Bob McDavitt's ideas for sailing around the South Pacific.
Disclaimer: Weather is a mix of pattern and chaos; these ideas are from the
Compiled Sunday 12 Sept 2021
La Nina may be coming back
What is a La Nina?
When the Pacific trade winds are stronger-than-normal they drag sun-warmed
sea surface to the west, encouraging upwelling of cooler deeper water around
the Galapagos. This can go on for months and is called a "La Nina" episode.
It shifts the subtropical ridge away from the equator.
The reverse of this, with less trade winds and warmer-than-normal seas
around the Galapagos, is called "El Nino". The comings and goings of these
episodes can last several months, maybe over a year, and so their status can
be used to help forecast the weather for the coming season.
The sea surface temperatures in the equatorial eastern Pacific are
near-normal, but there is a zone of cooler-than-normal sub-surface water
that indicates conditions are starting to edge towards La Nina.
ENSO = El Nino/Southern Oscillation. The Southern Oscillation Index SOI (30
day running mean) sums up the whole weather pattern over the South Pacific
into one number. It is based on the standardized difference in the barometer
readings between Tahiti and Darwin, in other words it counts the average
number of isobars between them on the weather map. When the SOI is more than
plus one(standard deviation from its mean) for more than a month we call it
a LA NINA event, and when it stays more than minus one we call it an EL NINO
event. These graphs from longpaddock.qld.gov.au multiply the SOI by 10, and
show a LANINA episode (>10) from Nov 2020 to Feb 2021, then near-zero March
to June then a strong positive swing in July and a relaxation in August.
There has been a positive swing so far in September.
The NCEP CFSv 2 and North American Multi-Model Ensemble show that a weak LA
NINA is likely in the next few months with a 70-80% chance of La Nina from
Oct 2021 to Feb 2022.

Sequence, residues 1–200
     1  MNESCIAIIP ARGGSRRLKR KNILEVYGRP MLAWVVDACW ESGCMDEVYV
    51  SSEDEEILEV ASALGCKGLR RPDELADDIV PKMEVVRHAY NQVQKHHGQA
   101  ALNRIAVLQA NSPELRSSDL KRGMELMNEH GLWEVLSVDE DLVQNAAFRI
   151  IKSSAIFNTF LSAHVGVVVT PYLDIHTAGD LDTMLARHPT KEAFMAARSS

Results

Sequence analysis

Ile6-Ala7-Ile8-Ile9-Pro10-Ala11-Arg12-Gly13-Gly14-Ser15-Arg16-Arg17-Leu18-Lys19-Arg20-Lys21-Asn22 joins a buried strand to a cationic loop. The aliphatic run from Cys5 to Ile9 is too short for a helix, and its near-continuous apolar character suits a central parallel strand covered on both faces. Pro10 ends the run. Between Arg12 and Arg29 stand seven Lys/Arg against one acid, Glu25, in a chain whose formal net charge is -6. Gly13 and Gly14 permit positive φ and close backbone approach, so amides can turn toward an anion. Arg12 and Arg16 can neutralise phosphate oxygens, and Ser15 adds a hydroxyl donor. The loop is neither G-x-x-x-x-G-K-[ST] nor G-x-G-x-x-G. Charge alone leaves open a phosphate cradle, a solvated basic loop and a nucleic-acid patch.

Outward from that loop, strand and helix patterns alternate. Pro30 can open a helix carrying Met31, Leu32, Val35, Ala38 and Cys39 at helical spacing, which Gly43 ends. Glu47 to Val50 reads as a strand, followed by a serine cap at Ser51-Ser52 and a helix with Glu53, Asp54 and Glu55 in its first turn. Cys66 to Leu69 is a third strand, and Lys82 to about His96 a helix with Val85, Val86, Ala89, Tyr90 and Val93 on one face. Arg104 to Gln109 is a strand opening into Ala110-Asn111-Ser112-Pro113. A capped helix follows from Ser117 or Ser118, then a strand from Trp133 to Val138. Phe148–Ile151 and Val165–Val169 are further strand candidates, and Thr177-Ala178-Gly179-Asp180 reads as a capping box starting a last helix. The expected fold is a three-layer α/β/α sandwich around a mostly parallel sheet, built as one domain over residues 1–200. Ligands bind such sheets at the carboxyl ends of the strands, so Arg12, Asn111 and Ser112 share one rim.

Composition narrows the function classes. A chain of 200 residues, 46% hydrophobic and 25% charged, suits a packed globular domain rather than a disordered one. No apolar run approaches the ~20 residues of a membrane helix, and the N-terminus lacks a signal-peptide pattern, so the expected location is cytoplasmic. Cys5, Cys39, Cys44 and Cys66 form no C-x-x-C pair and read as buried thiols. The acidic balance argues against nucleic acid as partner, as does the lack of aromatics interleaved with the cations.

So we seem to be on the edge of a new La Nina. At this time of the year the
Tasman Sea / NZ area is having its usual spring weather pattern with a ridge
/trough cycle and strong NW and SW winds, with each trough followed by a
burst of SW swell reaching into the subtropics. If this La Nina clicks in as
forecast then these troughs may weaken and shift south bringing this area an
early start to summer-type conditions. NZ's climate agency NIWA is
forecasting larger than normal HIGH pressure systems about and east of NZ
for the next few months, and this is consistent with an incoming La Nina.
CONSON and CHANCHU (Kiko) formed over the Philippines. CHANCHU as Cat 5 for
a while and is now travelling northwards off Taiwan and heading for
SPCZ=South Pacific Convergence zone.
The SPCZ stretches from Solomona to Tuvalu to Samoa to Southern Cooks.
Trough to north of L1 is expected to reach New Cal by Wednesday and Tonga
area by Saturday.
HIGHS and LOWS
HIGH1 above 1024 to NE of NZ is moving ESE along 30 to 40S followed by H3
travelling along 30S. this maintains useful trade winds this week between
Tahiti and Niue.
LOW1 is expected to form offshore of Coffs by Tuesday and deepen to 995 by
Wednesday in mid Tasman then travel ESE and weaken east of Northland by
LOW2 below 970hPa at 55S is bringing a NW gale to Canterbury tonight and
its trough is travelling east of NZ next few days.
HIGH2 over 1024 over Tasmania by Wednesday is expected to cross the South
Tasman and get east of the South Island by Saturday, combining like an
eggbeater to produce a vigorous SE flow over eastern North Island and thru
If you would like more detail for your voyage, then check metbob.com to see
what I offer.
Or Facebook at /www.facebook.com/metbobnz/
Weathergram with graphics is at metbob.wordpress.com (subscribe/unsubscribe
Weathergram archive (with translator) is at weathergram.blogspot.co.nz.
Contact is email@example.com or txt 64277762212
Bob McDavitt's ideas for sailing weather around the South pacific
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